5 doubts about event management you should clarify
If you are just getting into event management business, then a big congratulation to you. Good choice. But it also means you are going to encounter lots of myths and mysteries surrounding the business that will make you rethink your decision. Some will say it’s the best decision you made, and some will just want you to get out ASAP. But the decision must be yours, and for that it is highly necessary you know the basics of it and understand the ground reality of event industry.
So let us start with some of the fundamental doubts about event management and how you can get past it successfully.
Most work happens on the day of the event
There is no preparation for the event and most of the things happens on the day of the event – one can see the origin of this myth coming from the sightings of a busy man (goes by the title event managers) running around the event venue like a kid in the park on the day of the event. But unlike the kid, he/she does not wander around aimlessly. The event manager is only carrying out tasks in a specific way that has been prepared weeks or even months before the day of the event. This includes research, designing, marketing, etc. If an event manager leaves everything to the day of the event, then rest assured, the event will be quite uneventful.
Anyone can be an event organizer
Nope. Not true. And to support my point, I’m going to borrow (and modify) a quote from the Pixar movie Ratatouille, “not everyone can become an event organizer, but an event organizer can come from anywhere”. The origin for this myth can be traced to the public’s general assumption that event management is not a ‘real job’. Therefore, anyone with no experience, enthusiasm, or passion for the work can do it easily.
For all the naysayers, event management requires a particular and polished skill set that spans from inborn creativity and vision, all the way to accounting and high levels of communication ability. In fact, a large part of event management professionals possesses certified event management degrees, besides a wide-ranging field experience before they even enter the industry. Event management is a real job. If anybody says otherwise, then please tell them unicorn exists and that you have rode one.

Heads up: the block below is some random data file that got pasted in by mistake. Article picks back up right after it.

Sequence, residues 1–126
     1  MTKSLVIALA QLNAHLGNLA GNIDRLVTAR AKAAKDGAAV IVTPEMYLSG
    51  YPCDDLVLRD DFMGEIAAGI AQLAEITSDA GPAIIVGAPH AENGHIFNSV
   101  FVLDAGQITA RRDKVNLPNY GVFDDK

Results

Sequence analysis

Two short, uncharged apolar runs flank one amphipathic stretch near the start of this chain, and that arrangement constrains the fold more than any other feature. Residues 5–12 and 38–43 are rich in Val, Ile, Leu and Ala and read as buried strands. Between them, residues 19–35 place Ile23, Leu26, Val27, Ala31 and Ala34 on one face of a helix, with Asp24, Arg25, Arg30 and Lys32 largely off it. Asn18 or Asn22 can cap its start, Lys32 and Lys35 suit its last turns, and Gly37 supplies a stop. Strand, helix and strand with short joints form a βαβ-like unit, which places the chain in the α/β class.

Event Management is glamorous
Thanks to the red carpet events, award functions, movie premieres, and the endless photos of your favorite celebrities, event management has become synonymous with glitz and glamour. But that is only in the outset – the event itself and not managing the event. Managing an event is an unforgiving job that is anything but glamourous. Yes, it is true event managers are surrounded by the most happening and most beautiful people on planet earth at most of the times, but that is not running in their minds while running around to check if the food has been served to the guests. In fact, they would be happier with knowing that the hundreds of people who has attended the event are satisfied than taking a photo with the biggest celebrity of the night.
Event planning is always super fun!
No. It is not. I’m not trying to scare you away from here. Events industry is one of the best you can hope to be in, but if you want to enter it looking for super fun at all times, you might be terribly disappointed. Super tight deadlines and scrutiny from the ever alert public make organizing meetings almost as pressurized as being an orchestra composer – a small mistake made even in a single note by one person can ruin your reputation forever. The stress that comes with event planning is also similarly comparable to fire fighting and flying a commercial aeroplane (I have not done either of these things, I’m just quoting the industry leaders; it is that difficult).
Event managers end up making the event costly
The opposite of this is truth. Event managers are magicians in how they do their job. With expert event managers, if you give them money only for a 2-star event, then they will arrange for 5-star event. Are you wondering how they do it? Through networking and years of experience, which ties into my first point that not everyone can become event managers.
Good event managers always begin with understanding your budget and they will begin from there; while ensuring, everything fits right in the budget. That is their job. To manage and organize an event that fits your budget without compromising on the quality.
I believe I have come to the end of this blog post. I have laid before you the fundamental myths about event management. I also claim that this is not the be-all and end-all of the aforementioned list. If you feel I have missed anything or you want to pick up an argument over something I wrote, use the comments section for constructive criticism.